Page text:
Sergeant C. O. Barron, MM; Timaru; born Clinton, 8 Jan 1915; lineman. (Source: Borman, C.A. Divisional Signals. p.318.)
'Back at Brigade Headquarters the staff waited, after 23 Battalion had crossed its start line, with the ill-concealed impatience that is a human failing on the eve of great events; but as the minutes lengthened into hours without any word of the progress of the advance and with no sign, in the thickening haze which rose over the front to obscure the bright moonlight, of the success rocket which was to be fired by the 23rd when it reached its objective, impatience strengthened into anxiety and perplexity. About 11.30 p.m., half an hour after the battalion should have reached its objective on the western side of the first enemy minefield, news reached Brigade Headquarters—it is thought from a No. 18 set with a section of 6 Field Company, although the evidence is scanty and unreliable—that the right-hand gap in the minefield was clear. Brigadier Kippenberger immediately ordered the battalion's transport, under the command of Captain Coop, to go forward by that route.
Meanwhile 23 Battalion had crossed the first enemy minefield at 10.30 p.m., and fifteen minutes later both the CO and the Adjutant had agreed that they must have reached their objective. At this stage the battalion signals officer reported that the terminal No. 11 set had broken down and that the battalion had no communication with Brigade Headquarters. It was subsequently discovered that the jeep in which the set was mounted, together with the mortar carriers and the commanding officer's jeep, had been held up by an unmarked minefield; thus, the interruption to wireless communication was only temporary. Several hundred yards in the rear Barron and Sheridan were still bringing the brigade line forward and soon after eleven o'clock, when they reported to Brigade Headquarters that they were 2000 yards out, encountered the first mines on the eastern fringe of the enemy field. A few minutes later, about 11.30 p.m., the Engineers had cleared the gap and Barron passed through. But on the western side, in the place which he recognised from earlier instructions as the battalion's objective, he found no one. He rang back on his line and reported what he had found, or rather, had not found; this was just as inexplicable to the brigade staff as it was to Barron and accounts for their frank disbelief of his statement.
Shortly afterwards Captain Coop arrived at the gap with his transport. Both he and Major Skinner, OC 7 Field Company, spoke to Brigade Headquarters on Barron's line and confirmed that 23 Battalion was nowhere to be seen in its objective area. Actually the battalion was ahead of its objective—and had been since 11.15 p.m. It was in front of the standing artillery barrage, which was playing on the line of the first objective for an hour before lifting forward for the second phase of the attack. Lieutenant-Colonel Romans sent his adjutant back to Brigade Headquarters at 3 a.m. to bring the battalion's fighting transport forward, and then went forward himself to find his infantry, which was pressing on towards the final objective. He managed to collect his companies and led them back to their own objective, where they dug in in readiness to meet counter-attacks. Battalion Headquarters was established at 2 a.m. and line communication opened with Brigade Headquarters.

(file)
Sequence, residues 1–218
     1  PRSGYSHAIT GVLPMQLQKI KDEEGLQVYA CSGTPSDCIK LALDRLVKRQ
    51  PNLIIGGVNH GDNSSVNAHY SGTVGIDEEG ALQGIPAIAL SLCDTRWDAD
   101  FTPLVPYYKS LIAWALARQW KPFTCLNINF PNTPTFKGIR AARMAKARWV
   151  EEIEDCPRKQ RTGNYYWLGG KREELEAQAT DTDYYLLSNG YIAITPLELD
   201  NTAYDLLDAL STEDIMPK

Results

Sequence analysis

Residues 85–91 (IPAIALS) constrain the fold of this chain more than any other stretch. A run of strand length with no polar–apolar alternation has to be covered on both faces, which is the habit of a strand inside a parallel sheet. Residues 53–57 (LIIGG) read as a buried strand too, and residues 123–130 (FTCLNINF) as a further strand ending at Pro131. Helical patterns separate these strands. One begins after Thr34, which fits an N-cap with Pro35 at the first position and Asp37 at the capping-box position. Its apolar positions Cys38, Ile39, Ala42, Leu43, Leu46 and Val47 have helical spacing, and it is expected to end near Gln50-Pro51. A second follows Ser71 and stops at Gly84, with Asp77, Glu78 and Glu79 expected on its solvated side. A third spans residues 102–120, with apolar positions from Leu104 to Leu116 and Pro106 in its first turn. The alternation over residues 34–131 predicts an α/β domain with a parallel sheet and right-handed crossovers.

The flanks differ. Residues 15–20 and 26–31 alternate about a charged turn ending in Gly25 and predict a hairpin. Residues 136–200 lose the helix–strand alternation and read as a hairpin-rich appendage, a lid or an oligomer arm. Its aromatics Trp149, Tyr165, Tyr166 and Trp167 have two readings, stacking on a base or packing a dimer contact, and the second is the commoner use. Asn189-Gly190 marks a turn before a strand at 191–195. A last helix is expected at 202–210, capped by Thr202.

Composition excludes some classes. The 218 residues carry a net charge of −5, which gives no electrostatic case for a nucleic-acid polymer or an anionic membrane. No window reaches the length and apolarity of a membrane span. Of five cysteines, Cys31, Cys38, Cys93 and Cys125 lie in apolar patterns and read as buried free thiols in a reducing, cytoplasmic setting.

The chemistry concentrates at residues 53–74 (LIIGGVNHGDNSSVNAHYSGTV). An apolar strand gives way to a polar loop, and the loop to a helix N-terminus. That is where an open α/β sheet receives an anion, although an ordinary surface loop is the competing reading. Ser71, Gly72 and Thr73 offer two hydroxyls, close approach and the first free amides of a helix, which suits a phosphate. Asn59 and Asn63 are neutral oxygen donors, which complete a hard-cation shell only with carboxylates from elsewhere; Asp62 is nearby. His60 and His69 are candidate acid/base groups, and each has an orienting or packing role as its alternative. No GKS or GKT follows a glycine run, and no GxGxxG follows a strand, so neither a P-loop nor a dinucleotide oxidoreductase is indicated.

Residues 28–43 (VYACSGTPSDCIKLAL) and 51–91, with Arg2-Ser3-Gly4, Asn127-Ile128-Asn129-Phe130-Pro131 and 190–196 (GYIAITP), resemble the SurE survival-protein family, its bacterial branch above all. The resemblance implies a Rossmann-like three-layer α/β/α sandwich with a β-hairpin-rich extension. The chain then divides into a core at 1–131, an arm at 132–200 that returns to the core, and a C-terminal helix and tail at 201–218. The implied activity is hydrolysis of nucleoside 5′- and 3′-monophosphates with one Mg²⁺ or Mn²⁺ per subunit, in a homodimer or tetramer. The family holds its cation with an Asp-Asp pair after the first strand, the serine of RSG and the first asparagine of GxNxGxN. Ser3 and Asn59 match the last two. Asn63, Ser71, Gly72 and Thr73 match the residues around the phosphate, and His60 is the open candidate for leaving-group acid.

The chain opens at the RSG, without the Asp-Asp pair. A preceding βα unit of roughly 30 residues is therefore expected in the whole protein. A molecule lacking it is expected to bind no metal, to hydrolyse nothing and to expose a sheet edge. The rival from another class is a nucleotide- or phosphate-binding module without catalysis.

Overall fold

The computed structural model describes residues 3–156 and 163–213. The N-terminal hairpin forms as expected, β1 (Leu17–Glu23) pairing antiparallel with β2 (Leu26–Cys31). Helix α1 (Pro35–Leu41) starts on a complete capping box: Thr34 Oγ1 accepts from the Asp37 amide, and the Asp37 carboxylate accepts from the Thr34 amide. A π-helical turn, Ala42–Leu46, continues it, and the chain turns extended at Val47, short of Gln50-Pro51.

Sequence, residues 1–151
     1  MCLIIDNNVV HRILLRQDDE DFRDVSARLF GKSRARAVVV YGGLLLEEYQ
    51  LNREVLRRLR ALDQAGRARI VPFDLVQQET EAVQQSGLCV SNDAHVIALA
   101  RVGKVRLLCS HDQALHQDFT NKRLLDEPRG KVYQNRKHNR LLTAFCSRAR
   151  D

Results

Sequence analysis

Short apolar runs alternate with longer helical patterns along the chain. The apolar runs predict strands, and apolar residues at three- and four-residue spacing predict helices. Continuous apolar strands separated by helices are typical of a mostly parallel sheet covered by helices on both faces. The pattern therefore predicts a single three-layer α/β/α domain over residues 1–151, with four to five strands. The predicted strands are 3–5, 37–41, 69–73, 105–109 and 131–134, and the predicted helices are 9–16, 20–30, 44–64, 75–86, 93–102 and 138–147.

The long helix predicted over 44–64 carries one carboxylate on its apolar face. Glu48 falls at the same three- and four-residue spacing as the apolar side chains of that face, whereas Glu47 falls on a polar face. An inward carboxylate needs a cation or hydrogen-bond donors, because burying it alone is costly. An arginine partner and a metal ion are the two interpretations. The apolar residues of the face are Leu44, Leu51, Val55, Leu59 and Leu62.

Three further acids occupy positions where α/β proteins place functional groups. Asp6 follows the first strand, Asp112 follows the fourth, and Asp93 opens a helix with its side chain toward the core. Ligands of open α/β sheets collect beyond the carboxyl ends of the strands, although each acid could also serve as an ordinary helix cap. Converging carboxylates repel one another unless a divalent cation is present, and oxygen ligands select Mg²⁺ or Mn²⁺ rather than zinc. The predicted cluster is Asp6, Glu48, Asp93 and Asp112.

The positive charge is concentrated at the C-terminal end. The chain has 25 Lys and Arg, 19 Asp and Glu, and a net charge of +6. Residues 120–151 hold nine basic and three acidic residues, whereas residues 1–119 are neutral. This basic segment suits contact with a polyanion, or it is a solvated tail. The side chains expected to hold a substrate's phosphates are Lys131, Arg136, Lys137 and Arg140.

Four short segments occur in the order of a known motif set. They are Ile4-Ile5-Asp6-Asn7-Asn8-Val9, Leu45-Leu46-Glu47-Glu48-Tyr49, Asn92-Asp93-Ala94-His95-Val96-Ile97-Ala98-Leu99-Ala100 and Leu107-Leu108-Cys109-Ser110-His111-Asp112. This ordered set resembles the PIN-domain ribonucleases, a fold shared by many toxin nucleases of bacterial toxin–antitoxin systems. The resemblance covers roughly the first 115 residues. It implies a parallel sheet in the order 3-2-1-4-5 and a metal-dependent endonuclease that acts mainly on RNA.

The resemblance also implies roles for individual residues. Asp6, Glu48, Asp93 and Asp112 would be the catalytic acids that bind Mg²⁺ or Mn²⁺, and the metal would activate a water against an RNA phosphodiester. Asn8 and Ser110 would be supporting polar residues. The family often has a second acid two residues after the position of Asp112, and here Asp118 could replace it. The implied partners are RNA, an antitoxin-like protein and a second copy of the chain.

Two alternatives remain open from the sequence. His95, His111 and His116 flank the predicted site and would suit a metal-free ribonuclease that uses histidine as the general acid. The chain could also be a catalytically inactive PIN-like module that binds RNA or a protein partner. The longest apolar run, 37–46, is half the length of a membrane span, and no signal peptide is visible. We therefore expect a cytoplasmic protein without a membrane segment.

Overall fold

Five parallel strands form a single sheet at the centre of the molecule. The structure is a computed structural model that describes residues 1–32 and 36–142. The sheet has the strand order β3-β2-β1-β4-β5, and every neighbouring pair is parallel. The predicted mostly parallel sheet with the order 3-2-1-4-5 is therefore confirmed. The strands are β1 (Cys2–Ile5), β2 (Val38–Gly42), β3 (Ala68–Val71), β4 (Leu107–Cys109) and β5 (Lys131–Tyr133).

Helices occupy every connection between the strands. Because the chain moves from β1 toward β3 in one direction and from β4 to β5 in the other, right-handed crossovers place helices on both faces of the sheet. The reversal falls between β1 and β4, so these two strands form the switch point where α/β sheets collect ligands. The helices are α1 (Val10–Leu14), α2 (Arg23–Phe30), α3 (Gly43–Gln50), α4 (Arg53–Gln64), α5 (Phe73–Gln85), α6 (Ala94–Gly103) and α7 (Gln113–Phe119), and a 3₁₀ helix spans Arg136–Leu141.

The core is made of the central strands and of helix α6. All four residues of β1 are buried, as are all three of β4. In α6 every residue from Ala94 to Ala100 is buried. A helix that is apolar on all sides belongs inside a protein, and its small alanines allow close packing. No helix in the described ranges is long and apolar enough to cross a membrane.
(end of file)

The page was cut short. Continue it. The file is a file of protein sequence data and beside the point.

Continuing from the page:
For the manner in which he laid the brigade line close up behind 23 Battalion in its advance towards its objective, Corporal Barron received an immediate award of the MM. His exemplary coolness under fire and standard of leadership enabled him to carry out his difficult task with success; his initiative in passing back valuable information to Headquarters 5 Brigade during the attack gained specific mention in the citation.; Alam Halfa and Alamein - Although the first objective was gained within a few minutes of the planned time, five minutes past eleven, confirmation of their success from the battalion commanders did not reach the brigade headquarters until much later. However, a general but sometimes confusing picture of events was gained from information passed back by the various parties of engineers, signals, and support groups following up the infantry. The brigade major at 5 Brigade headquarters, Major M. C. Fairbrother, was told by a signalman, Corporal Barron, who was laying line behind 23 Battalion, and later by the battalion support group commander, Captain Coop, that the battalion had disappeared beyond its objective, and, though the brigade staff questioned this story, the sum of information they received indicated that the way to the first objective was clear. Although news coming through 30 Corps concerning the events on the Division's flanks was even more sketchy, Freyberg saw no reason to postpone the second wave of the attack, for which the four remaining battalions were already on their way to their start lines on the first objective.' (Source: Borman, C.A. Divisional Signals. p. 318; Walker, R. Alam Halfa and Alamein. p. 267.) AWMM